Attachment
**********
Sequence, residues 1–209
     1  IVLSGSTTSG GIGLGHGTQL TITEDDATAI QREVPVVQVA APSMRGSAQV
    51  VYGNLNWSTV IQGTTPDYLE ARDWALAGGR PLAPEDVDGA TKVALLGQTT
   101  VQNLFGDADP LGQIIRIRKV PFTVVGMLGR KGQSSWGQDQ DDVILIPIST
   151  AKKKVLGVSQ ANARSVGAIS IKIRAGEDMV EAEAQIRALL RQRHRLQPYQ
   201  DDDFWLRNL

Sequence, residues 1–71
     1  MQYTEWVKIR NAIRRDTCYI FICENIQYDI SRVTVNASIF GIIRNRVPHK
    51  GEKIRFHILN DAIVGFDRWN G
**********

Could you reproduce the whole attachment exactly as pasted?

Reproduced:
Sequence, residues 1–209
     1  IVLSGSTTSG GIGLGHGTQL TITEDDATAI QREVPVVQVA APSMRGSAQV
    51  VYGNLNWSTV IQGTTPDYLE ARDWALAGGR PLAPEDVDGA TKVALLGQTT
   101  VQNLFGDADP LGQIIRIRKV PFTVVGMLGR KGQSSWGQDQ DDVILIPIST
   151  AKKKVLGVSQ ANARSVGAIS IKIRAGEDMV EAEAQIRALL RQRHRLQPYQ
   201  DDDFWLRNL

Sequence, residues 1–71
     1  MQYTEWVKIR NAIRRDTCYI FICENIQYDI SRVTVNASIF GIIRNRVPHK
    51  GEKIRFHILN DAIVGFDRWN G